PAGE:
Manufacturer and store Web sites have significant influence on jewelry and watch purchases, according to the Fall 2008 Ad-ology Media Influence on Consumer Choice survey. Nearly half of respondents say manufacturer Web sites have some or significant influence on their jewelry or watch purchase, and 43.4 percent say the same about jeweler or retailer Web sites. Consumers also cited online video as an influence in their recent purchases, the majority of which are younger male watch buyers. “Online video is fast becoming an increasingly popular advertising vehicle, especially for marketers of style products,” said C. Lee Smith, president and CEO of Ad-ology Research. “Many videos found online for watches resemble mini-movies more than commercials. Our study finds that for one in five male jewelry/watch buyers 18 to 24, online video does more than entertain, it impacts what they buy or where they buy it.” Other key findings from the survey:

  • 50.9 percent of U.S. adults 25-34 say they bought jewelry or a watch recently.
  • Nearly 84 percent of consumers prefer to buy jewelry/watches in a store as opposed to online.
  • The store experience is important: 63.5 percent rate store reputation and 65.9 percent rate the sales staff as important factors in their purchases.
  • 47.9 percent of recent jewelry/watch purchasers were influenced by information or advertising from newspapers. Magazines, television, and direct mail were also among the most influential traditional media.
  • More than 20 percent of respondents consider cause and/or charity support by a manufacturer or store to be somewhat or very important. That number goes up to 25 percent for African-American consumers.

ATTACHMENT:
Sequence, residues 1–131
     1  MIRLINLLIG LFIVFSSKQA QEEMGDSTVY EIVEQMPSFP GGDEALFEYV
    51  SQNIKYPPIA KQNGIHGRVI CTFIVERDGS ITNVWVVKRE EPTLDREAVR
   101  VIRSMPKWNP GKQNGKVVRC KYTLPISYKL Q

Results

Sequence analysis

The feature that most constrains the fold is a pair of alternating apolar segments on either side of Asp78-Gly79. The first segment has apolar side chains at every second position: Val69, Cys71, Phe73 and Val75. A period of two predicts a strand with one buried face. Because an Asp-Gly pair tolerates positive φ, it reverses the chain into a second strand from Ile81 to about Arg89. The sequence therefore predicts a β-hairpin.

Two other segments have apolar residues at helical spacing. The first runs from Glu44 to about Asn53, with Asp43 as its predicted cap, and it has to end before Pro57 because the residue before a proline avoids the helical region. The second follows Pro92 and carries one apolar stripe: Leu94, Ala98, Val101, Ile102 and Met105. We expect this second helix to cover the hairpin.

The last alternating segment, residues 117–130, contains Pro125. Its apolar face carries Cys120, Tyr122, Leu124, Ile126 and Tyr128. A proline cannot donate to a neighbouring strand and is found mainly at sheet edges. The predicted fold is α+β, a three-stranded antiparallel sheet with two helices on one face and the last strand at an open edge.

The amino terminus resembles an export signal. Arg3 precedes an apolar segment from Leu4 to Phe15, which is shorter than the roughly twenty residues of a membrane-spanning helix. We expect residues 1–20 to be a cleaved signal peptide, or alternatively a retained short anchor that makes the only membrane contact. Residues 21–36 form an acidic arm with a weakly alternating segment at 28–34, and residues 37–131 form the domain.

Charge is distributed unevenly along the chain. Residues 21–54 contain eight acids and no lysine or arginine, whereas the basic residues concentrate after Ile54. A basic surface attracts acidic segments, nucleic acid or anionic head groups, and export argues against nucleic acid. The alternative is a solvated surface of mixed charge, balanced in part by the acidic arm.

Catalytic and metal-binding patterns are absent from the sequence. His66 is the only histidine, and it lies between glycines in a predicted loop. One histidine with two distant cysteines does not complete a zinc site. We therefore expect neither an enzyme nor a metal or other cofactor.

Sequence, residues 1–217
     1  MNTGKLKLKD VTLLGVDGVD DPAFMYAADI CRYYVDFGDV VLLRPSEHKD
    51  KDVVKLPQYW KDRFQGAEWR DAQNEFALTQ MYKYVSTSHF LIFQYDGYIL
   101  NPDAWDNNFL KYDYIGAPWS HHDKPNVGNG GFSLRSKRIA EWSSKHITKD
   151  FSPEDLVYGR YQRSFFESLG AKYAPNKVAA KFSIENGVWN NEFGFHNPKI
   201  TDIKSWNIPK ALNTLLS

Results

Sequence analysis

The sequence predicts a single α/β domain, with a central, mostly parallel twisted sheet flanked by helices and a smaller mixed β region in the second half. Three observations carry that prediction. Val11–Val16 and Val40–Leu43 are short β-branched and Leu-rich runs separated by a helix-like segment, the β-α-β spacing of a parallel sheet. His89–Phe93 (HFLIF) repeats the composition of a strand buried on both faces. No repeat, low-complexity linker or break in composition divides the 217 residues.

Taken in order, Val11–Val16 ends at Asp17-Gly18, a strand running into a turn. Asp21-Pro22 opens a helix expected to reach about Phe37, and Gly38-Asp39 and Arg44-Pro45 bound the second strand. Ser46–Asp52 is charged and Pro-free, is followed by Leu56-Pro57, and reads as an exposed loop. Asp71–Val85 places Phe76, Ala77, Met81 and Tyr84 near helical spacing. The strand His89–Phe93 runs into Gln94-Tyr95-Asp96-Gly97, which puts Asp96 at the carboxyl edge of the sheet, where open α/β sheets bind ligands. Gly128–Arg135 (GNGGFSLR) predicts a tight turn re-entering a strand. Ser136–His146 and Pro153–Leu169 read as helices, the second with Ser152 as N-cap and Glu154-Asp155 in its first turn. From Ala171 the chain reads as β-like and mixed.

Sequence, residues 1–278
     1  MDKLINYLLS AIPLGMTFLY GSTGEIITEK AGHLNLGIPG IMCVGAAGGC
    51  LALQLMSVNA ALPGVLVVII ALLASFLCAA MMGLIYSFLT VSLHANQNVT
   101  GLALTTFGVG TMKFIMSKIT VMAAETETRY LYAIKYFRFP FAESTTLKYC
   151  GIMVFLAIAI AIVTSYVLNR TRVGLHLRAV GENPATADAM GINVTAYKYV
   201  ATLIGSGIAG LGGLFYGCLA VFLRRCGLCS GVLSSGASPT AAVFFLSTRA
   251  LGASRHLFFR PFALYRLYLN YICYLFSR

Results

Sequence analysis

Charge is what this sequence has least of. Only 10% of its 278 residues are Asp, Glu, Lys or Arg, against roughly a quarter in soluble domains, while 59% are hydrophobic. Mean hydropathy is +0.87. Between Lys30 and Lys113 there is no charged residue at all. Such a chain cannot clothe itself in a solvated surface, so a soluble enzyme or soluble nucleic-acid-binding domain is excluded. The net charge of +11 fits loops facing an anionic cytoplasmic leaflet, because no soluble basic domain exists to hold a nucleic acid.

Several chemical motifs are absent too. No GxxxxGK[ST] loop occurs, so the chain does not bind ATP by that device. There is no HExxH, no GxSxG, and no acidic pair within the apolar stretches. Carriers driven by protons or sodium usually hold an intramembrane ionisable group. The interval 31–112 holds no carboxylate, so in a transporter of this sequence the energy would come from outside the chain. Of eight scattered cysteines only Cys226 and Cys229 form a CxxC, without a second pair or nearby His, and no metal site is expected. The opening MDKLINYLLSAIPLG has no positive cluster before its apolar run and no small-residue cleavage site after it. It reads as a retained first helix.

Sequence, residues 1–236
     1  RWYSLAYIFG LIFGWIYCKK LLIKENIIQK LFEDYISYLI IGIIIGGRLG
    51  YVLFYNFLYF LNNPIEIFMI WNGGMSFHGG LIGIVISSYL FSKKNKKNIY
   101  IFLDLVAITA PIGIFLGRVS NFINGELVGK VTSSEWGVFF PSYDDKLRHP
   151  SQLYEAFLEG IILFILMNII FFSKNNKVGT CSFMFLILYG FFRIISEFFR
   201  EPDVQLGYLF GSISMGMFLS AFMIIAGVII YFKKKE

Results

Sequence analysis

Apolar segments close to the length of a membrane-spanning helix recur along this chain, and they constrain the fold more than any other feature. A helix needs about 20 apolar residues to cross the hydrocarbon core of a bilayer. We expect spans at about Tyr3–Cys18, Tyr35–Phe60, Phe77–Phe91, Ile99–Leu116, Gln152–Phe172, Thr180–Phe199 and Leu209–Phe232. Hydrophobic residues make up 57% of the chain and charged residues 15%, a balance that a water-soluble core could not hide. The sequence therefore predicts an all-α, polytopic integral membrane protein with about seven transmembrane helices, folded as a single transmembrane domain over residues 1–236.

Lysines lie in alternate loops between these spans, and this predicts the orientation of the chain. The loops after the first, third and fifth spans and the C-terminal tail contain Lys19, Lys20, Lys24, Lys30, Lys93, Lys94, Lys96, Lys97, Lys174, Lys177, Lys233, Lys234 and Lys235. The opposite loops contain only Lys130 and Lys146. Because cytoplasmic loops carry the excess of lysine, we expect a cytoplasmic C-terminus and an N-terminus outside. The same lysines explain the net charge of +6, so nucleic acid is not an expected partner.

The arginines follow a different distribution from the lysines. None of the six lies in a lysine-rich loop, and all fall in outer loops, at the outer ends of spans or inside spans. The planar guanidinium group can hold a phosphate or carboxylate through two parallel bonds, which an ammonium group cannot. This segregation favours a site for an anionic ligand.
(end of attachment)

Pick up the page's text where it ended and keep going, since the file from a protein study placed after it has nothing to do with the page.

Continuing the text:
“The results highlight the need for local jewelry and watch retailers to have a strong Web site that showcases their products visually, provides product availability information and reviews or comments from previous customers,” Smith adds. “Pre-roll video advertising on other Web sites may also be an effective option for jewelry/watch marketers.” The Media Influence on Consumer Choice survey is conducted quarterly by Ad-ology Research to study on- and off-line media influence on buying decisions. The survey asks a national consumer panel about key factors in their buying decisions. Respondents also rate nine types of online and seven types of traditional media in regards to how each influenced what they buy and where they buy it. The full report covering “Media Influence on Consumer Choice: Jewelry & Watches” is available through Ad-ology and can be purchased online at http://www.ad-ology.net. The 60-page downloadable report is $495 and features 27 data charts, consumer-spending estimates on jewelry and watch purchases, and additional marketing insights. More information is available at www.ad-ology.net or by contacting A.J. Fox at 614-794-0500 ext. 124. ABOUT AD-OLOGY RESEARCH Ad-ology Research was founded in 2005 to analyze key marketing trends in over 370 industries and what motivates end-customers to make decisions about which products they buy and where they buy them. These insights allow marketers to craft and deliver an effective value proposition, drive channel optimization and increase market share, as well as to obtain and consult clients more efficiently. Ad-ology Research is used by 80 advertising agencies and product marketing departments, as well as more than 2,000 media properties across the United States. More information is available on the Internet at: www.Ad-ology.net <http://www.Ad-ology.net>. Ad-ology Research is a division of Sales Development Services (SDS), Inc. The Westerville, Ohio-based company was founded in October 1989. Ad-ology is a registered trademark of Sales Development Services, Inc. METHODOLOGY Ad-ology Research surveyed an online consumer panel of 1,105 adults in a manner that is 98% representative of the adult population of the United States from August 25-28, 2008. The margin of error for this survey is +/- 2.0 percentage points. EDITOR’S NOTE: The Ad-ology trade name should be hyphenated in all printed references.